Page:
3. Up south Wales’ highest mountain, Pen y Fan

At 2,907ft high, Pen y Fan is the highest mountain in South Wales (Shutterstock)

At 2,907ft high, Pen y Fan is the highest mountain in South Wales (Shutterstock)

At 2,907ft high, Pen y Fan just misses out on ‘Furth’ status (equivalent to the Scottish Munro). It’s not to be underestimated though. As the highest mountain in South Wales, the route is a challenging 10-mile slog through forest and moorland to the steep ridge of Pen y Fan. You will be rewarded for your endeavours, however, with superb views of the Brecon Beacons National Park. This is a great winter walk when the hills are dusted in snow or frost. 

From Taf Fechan Forest Car Park, follow the Horseshoe Trail north which emerges at another car park, then the road. Where the lane splits in two, take the rough track to the right to merge with the Taff Trail. Continuing north, follow the line of trees, then ford a stream, continuing up the open moorland with views to Upper Neuadd Reservoir. At a crossroads, turn left to follow the Beacon Way and continue up the sheer-sided ridge to the summit of Pen y Fan.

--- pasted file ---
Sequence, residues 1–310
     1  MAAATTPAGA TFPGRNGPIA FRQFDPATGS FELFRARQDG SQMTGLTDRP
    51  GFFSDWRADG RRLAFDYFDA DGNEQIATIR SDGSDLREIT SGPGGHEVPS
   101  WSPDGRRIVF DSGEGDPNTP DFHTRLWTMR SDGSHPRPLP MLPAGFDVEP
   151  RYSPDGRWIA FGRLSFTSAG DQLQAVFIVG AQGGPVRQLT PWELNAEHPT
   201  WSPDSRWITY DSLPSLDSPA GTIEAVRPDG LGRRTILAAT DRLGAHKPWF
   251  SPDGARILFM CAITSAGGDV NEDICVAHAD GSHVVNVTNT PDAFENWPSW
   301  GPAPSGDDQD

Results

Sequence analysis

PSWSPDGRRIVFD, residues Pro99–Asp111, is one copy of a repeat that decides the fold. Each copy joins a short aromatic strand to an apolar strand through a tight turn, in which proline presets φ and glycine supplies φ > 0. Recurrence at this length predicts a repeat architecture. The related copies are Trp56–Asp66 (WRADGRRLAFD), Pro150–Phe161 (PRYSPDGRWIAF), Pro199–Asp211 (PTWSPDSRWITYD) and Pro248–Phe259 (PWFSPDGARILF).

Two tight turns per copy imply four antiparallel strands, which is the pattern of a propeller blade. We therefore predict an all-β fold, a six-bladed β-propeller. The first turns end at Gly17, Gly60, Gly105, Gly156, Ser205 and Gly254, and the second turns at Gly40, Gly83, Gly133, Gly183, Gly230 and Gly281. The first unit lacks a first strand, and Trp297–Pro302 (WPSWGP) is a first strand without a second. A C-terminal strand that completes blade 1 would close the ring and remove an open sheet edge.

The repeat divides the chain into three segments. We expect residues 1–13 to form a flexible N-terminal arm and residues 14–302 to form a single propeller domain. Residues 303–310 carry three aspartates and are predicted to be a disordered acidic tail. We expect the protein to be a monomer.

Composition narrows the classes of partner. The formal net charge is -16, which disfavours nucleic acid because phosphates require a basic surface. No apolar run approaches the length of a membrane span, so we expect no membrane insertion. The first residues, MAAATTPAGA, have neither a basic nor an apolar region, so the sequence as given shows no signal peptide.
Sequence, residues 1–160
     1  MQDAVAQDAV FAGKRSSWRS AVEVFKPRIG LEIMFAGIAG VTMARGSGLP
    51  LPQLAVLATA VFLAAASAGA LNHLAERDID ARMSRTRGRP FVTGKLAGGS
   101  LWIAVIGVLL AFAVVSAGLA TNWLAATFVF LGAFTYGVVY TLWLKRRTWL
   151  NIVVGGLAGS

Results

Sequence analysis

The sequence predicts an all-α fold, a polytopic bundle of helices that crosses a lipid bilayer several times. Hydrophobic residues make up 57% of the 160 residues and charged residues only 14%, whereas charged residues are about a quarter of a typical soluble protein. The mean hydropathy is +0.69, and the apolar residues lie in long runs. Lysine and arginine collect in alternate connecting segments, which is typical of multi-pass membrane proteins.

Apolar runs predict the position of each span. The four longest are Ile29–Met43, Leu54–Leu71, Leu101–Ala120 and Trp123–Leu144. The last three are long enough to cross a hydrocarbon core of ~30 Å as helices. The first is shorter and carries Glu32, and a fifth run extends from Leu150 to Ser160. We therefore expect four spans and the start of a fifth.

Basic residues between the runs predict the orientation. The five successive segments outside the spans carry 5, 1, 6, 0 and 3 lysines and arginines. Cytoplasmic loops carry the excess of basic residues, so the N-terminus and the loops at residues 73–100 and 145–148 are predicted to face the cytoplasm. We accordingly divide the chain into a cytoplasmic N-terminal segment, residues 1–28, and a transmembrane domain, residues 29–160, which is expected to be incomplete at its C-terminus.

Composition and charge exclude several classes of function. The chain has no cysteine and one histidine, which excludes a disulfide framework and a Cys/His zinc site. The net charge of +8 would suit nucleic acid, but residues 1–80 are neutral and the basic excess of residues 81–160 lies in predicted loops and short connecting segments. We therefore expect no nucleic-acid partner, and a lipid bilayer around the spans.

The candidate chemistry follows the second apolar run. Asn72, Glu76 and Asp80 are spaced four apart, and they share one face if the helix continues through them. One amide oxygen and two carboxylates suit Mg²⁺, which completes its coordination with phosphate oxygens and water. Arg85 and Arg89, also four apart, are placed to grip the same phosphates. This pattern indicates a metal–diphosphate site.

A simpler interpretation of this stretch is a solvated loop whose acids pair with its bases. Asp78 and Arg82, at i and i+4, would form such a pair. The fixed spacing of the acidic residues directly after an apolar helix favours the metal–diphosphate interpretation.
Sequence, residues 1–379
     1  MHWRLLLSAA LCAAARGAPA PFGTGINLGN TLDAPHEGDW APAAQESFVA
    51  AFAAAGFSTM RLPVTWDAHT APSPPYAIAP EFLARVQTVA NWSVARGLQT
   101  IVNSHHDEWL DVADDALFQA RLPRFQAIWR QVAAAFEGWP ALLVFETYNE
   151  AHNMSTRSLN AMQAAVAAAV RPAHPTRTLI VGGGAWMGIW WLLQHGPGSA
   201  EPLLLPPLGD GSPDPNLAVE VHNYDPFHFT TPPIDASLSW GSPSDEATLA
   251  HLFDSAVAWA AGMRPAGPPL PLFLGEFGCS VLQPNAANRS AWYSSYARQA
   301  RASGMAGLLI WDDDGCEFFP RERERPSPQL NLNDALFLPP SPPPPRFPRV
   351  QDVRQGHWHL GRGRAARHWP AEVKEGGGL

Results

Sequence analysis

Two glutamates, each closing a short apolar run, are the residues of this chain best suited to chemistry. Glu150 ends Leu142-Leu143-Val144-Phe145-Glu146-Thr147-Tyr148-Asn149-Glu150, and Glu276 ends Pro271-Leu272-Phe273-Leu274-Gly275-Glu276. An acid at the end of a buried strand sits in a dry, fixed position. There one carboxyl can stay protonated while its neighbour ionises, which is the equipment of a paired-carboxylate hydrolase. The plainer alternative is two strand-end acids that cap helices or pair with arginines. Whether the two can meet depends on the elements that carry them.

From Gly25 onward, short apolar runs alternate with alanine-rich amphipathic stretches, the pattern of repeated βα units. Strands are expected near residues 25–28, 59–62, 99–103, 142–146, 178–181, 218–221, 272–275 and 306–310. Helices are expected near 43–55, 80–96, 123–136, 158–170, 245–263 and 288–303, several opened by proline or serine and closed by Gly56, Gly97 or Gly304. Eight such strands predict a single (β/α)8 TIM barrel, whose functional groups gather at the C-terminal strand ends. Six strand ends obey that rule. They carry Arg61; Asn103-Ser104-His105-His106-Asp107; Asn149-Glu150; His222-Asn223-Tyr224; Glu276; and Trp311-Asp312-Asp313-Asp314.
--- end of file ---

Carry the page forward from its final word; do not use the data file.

Continue south-west along the ridge of Corn Du, then follow the ridge path south along Craig-Gwaun-Taf. Look out for a cairn, where you should turn off to drop down to Lower Neuadd Reservoir. Continue through Taf Fechan Forest back to the stone bridge and retrace your steps to the car park. When open, the Old Barn Tea Room just down the road is a good place to refuel and recover from the strenuous hill walk.

4. From Brecon Mountain Railway to the shores of Pontsticill Reservoir

Brecon Mountain Railway (Shutterstock)

Brecon Mountain Railway (Shutterstock)